Of course, the ability to transcend the laws of nature itself implies a different notion about the laws. The laws of nature cannot be mechanical forces. They must rather be laws of meaning and choice. Such laws entail a different notion of matter and its laws. This notion about natural laws is useful scientifically in so far as science is defined as the manipulation of matter. But this notion is also relevant to the ultimate goals of transcending the laws of nature.

Manipulating matter and transcending matter seem two contradictory goals today. These instead belong to a continuum in Vedic philosophy.

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9 thoughts on “Reason and Faith

  1. Fascinating read. What I enjoyed the most is the opposition between manipulating the laws of nature and transcending them. That was very inspirational.

  2. I do not know to what extent your articles seek to accurately represent the philosophy of Gaudiya Vedānta, but from the Gaudiya perspective one cannot transcend the laws of nature through jnana because jnana itself is material in that it is manifestation of sattva guna. Only if jnana is mixed with nirguna bhakti will it lead to transcendence, even if that ideal within transcendence is nirvisesh Brahman.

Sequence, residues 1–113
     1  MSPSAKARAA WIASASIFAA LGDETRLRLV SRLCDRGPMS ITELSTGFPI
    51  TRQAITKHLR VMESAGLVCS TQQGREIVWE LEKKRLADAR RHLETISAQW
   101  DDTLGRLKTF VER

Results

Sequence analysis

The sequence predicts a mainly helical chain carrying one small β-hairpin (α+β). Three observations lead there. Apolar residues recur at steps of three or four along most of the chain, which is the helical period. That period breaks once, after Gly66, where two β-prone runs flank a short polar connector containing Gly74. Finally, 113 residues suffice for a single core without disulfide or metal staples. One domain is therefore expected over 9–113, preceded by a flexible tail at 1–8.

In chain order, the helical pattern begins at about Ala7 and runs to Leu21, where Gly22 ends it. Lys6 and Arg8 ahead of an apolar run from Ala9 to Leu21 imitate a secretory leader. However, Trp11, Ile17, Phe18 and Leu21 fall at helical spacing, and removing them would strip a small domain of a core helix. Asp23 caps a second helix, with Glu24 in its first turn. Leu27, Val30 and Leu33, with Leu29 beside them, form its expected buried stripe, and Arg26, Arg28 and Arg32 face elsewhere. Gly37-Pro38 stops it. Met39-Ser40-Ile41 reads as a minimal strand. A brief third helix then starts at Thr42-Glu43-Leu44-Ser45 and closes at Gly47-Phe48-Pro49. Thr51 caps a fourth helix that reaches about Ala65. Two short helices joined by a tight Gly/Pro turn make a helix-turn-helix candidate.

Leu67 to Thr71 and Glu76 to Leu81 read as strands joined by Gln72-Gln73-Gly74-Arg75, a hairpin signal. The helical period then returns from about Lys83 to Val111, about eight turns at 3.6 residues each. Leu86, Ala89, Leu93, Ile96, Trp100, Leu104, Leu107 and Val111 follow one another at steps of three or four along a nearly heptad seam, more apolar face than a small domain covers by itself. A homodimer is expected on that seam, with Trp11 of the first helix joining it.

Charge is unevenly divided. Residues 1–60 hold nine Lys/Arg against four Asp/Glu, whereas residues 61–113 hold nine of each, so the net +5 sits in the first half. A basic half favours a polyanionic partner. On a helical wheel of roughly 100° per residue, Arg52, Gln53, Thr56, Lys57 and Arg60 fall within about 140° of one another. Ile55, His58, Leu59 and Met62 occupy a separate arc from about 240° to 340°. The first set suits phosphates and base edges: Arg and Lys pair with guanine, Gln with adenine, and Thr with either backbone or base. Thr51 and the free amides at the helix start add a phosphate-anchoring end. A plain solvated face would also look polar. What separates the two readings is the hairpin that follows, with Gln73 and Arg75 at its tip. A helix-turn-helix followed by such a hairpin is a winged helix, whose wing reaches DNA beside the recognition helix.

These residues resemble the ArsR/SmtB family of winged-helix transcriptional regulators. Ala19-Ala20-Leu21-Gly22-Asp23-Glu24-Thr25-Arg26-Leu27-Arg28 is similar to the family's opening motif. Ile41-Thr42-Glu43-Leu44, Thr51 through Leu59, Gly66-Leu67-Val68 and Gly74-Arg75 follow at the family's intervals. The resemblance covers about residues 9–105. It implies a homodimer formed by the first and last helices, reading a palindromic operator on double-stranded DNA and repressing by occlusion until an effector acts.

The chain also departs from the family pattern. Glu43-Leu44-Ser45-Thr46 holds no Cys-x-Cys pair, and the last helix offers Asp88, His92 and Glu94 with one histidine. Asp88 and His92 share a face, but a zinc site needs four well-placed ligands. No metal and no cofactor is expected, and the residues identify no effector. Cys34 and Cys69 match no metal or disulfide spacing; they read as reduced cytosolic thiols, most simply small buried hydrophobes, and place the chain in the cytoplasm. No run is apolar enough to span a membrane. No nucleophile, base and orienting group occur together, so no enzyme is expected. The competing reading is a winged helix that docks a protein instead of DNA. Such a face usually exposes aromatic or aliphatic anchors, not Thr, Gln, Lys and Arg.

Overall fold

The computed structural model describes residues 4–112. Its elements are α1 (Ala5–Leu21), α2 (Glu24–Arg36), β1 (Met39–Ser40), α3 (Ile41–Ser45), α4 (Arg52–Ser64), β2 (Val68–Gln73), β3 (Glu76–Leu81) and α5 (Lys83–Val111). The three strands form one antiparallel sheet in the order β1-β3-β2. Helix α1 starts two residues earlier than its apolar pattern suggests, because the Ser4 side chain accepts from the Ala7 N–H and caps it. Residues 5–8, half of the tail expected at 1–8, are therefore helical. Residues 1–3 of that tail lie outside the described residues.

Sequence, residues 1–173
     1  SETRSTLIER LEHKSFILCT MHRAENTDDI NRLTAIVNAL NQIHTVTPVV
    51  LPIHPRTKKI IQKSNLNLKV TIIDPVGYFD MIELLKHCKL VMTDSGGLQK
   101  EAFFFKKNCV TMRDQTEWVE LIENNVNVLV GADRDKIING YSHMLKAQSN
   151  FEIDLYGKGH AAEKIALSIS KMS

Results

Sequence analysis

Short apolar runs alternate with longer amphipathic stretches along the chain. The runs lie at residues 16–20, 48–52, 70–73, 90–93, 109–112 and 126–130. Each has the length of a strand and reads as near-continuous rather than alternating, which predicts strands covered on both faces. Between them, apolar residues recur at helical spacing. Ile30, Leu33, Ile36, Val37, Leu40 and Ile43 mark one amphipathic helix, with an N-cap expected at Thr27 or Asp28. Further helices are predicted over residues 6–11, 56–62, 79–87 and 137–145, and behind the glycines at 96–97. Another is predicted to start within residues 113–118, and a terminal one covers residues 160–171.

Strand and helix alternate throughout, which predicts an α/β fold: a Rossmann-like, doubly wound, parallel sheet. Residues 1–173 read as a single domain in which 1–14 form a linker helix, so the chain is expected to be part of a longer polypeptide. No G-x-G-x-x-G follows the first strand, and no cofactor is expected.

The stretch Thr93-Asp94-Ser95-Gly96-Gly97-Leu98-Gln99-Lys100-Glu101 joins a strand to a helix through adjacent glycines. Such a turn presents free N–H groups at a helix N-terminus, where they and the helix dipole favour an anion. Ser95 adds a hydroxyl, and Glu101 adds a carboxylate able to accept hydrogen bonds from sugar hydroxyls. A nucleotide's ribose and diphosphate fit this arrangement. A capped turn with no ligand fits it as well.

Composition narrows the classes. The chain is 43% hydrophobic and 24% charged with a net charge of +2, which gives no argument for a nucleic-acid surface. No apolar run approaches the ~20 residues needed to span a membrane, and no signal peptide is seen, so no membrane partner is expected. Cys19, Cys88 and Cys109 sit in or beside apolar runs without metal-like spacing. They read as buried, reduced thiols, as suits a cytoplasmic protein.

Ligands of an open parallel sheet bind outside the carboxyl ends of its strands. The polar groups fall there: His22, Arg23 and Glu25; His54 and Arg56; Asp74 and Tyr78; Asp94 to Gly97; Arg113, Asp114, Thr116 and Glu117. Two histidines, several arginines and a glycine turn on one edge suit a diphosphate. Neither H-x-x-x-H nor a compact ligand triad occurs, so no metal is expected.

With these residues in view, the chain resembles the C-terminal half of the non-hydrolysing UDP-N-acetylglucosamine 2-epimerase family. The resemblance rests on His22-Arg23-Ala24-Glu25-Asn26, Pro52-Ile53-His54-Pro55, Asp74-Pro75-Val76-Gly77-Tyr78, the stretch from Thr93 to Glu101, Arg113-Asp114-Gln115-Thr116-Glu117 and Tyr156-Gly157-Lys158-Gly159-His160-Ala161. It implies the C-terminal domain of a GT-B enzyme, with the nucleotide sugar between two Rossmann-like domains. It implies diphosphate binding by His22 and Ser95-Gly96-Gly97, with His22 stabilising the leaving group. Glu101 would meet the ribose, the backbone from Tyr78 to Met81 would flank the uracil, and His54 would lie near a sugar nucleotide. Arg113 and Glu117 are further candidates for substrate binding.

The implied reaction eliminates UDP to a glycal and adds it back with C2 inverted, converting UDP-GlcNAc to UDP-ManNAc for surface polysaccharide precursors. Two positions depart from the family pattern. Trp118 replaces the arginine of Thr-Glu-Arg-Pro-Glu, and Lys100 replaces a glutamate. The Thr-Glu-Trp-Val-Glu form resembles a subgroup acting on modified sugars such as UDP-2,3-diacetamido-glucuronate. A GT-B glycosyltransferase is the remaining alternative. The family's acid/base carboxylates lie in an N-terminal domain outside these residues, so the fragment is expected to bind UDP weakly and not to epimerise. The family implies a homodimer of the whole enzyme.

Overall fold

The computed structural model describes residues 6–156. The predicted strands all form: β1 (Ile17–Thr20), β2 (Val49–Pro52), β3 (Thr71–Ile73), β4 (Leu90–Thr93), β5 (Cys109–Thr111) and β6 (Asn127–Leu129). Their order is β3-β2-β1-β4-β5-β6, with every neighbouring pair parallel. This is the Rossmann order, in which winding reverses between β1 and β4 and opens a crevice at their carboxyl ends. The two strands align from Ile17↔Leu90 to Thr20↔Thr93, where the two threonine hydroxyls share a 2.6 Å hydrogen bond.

1. I disagree with your comment that “jnana itself is material”. Jnana is not material. The term “jnana” is currently misunderstood either as mental speculation, or the impersonal aspirations of the philosophers. These distortions of real knowledge are not even theoretically correct. Real jnana is what Krishna imparted to Arjuna, Uddhava, or Brahma. This jnana is free of the material modes of nature, and Absolute Truth is itself referred to as “jnanam-advayam” (SB 5.12.11) which means it is free from duality. That same jnana is understood in three ways – Brahman, Paramatma, and Bhagavan. There is no mixing of material modes in either case. The quoted verse is also unequivocal in its conclusion that philosophical research culminates in knowledge of Supreme Personality of Godhead.